Security Council gravely concerned by Ebola outbreak in DR Congo, demands immediate end to violence hampering response
The UN Security Council on Friday expressed grave concern about the current Ebola virus outbreak in the Democratic Republic of the Congo (DRC), and stressed the urgency of broad cooperation in the response, as “the disease could spread rapidly, including to neighbouring countries, possibly having serious humanitarian consequences and impacting regional stability.”
In a statement presented by Jacek Czaputowicz, Foreign Minister of Poland, which holds the Council’s presidency for the month of August, the 15-member body emphasized the need for continued cooperation and coordination with the DRC Government to address the Ebola outbreak, as well as with the States in the region.
Noting “the challenging operating environment”, the Council reiterated its appreciation for the efforts of the Government, the World Health Organization (WHO) and other UN agencies, the UN Organization Stabilization Mission in the DRC (MONUSCO), the African Union, humanitarian organizations, international donors and all supporting the response to contain the disease and treat Ebola patients.
The Council also stressed the need for Government and civil society in affected and at-risk countries “to work urgently with relevant partners” to improve their preparedness for preventing, detecting and responding to possible cases, as well as to implement optimal vaccine strategies that have maximum impact on curtailing the outbreak.
Reiterating their serious concern regarding the security situation in the areas affected by the Ebola outbreak, particularly attacks on humanitarian and medical personnel exclusively engaged in medical duties, “which is severely hampering the response efforts and facilitating the spread of the virus in the DRC and the wider region” Council members called for an immediate cessation of hostilities by all armed groups.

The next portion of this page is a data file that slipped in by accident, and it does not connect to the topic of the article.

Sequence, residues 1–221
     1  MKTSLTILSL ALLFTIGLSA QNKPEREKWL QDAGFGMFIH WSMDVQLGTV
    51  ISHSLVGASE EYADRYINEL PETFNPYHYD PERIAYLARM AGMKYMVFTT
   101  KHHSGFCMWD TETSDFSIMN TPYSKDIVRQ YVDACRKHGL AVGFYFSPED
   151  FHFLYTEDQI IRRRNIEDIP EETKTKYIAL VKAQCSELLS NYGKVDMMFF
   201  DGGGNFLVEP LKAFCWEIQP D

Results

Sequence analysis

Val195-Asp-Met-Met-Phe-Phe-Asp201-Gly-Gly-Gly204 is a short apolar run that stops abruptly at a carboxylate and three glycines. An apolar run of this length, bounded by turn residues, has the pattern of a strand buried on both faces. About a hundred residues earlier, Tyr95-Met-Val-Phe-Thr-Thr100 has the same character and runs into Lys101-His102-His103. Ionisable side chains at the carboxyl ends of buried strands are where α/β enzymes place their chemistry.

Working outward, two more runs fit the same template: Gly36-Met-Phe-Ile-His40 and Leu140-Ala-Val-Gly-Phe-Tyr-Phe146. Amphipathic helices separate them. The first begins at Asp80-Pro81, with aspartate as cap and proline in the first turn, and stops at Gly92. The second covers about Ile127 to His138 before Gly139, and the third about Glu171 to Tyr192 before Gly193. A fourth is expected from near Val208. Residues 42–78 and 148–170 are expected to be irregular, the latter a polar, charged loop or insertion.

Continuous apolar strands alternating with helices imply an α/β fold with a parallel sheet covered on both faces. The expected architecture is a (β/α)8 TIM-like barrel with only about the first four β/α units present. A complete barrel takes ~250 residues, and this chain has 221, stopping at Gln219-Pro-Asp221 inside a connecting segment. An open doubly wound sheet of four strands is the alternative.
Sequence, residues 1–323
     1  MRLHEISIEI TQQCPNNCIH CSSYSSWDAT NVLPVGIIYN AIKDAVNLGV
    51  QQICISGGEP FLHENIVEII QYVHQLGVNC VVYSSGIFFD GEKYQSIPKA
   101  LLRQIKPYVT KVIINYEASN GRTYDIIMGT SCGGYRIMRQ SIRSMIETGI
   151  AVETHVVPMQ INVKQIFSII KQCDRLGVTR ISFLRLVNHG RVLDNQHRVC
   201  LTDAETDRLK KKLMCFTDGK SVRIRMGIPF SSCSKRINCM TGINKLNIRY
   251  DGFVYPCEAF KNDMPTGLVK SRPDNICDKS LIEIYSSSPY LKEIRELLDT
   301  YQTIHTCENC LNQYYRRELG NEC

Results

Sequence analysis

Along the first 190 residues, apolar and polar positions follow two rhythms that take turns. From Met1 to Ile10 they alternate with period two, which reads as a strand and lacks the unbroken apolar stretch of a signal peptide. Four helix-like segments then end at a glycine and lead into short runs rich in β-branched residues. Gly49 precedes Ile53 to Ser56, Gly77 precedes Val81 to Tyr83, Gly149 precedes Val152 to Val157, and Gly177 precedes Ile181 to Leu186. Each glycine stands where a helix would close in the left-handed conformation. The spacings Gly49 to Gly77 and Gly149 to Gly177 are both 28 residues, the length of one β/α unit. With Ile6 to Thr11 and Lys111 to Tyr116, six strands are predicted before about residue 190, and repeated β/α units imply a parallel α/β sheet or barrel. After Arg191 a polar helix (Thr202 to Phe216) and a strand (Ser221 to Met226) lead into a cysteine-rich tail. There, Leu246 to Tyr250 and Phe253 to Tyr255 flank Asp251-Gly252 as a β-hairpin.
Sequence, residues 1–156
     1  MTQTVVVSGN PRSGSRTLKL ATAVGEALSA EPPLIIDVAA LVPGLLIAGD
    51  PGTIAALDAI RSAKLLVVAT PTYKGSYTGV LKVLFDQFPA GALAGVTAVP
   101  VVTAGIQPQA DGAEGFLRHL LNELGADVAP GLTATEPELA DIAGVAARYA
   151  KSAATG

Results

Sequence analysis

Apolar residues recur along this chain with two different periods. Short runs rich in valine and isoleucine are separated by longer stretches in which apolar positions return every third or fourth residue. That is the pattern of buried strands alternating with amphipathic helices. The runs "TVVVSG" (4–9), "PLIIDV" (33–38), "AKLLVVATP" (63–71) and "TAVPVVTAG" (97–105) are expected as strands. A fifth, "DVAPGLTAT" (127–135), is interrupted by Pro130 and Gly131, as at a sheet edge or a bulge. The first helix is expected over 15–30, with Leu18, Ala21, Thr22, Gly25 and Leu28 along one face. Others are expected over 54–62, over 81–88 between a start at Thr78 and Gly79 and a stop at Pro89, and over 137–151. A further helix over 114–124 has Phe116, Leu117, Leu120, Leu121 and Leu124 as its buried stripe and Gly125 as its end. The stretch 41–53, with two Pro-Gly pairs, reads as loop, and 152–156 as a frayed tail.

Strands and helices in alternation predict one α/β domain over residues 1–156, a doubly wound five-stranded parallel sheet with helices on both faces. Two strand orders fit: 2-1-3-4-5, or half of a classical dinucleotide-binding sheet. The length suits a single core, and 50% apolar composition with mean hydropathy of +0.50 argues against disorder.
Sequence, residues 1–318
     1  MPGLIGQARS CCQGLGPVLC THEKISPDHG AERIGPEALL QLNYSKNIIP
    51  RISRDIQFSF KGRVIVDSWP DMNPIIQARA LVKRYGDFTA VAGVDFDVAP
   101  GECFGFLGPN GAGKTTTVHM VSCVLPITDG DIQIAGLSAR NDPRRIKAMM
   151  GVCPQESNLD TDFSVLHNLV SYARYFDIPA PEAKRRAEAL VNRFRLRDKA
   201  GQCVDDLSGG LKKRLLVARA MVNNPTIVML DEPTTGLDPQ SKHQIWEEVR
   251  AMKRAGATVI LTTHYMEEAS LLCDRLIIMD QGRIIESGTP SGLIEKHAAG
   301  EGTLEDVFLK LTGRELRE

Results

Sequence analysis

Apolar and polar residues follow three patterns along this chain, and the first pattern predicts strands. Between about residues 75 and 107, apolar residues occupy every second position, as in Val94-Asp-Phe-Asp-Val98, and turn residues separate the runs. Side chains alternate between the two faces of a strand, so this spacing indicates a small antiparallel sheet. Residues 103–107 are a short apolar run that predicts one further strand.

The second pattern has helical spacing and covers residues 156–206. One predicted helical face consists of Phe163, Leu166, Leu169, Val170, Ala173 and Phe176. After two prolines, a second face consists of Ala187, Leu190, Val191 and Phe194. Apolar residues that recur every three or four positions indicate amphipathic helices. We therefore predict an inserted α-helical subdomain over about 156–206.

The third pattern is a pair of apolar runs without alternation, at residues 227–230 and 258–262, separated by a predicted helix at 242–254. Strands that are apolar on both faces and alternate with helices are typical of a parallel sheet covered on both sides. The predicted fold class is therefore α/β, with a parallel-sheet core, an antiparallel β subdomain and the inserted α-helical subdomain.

“The Security Council condemns in the strongest terms all attacks against and threats intentionally directed against medical personnel,” said the statement, which also spotlighted the Council’s “demand that safe and unhindered access be ensured for humanitarian and medical personnel exclusively engaged in medical duties.”
Finally, the Council emphasized the importance of strengthening international support and engagement, “including full and timely financial contributions to the response, technical assistance, scientific cooperation and human resources to bring the disease permanently and successfully under control.”
The Council’s statement comes as the wider UN and international aid community are marking of one year since the Government of the DRC declared an outbreak of the Ebola virus disease in North Kivu province. Two weeks ago, it was declared a public health emergency of international concern, by WHO experts.
According to the UN, in the last year, there have been more than 2,600 confirmed cases of Ebola, including more than 1,800 deaths in parts of Ituri and North Kivu provinces. Almost one in three ‘cases’ is a child. The virus was also discovered in the large city of eastern City of Goma on the border of Rwanda and to nearby Uganda, and violence has killed health workers.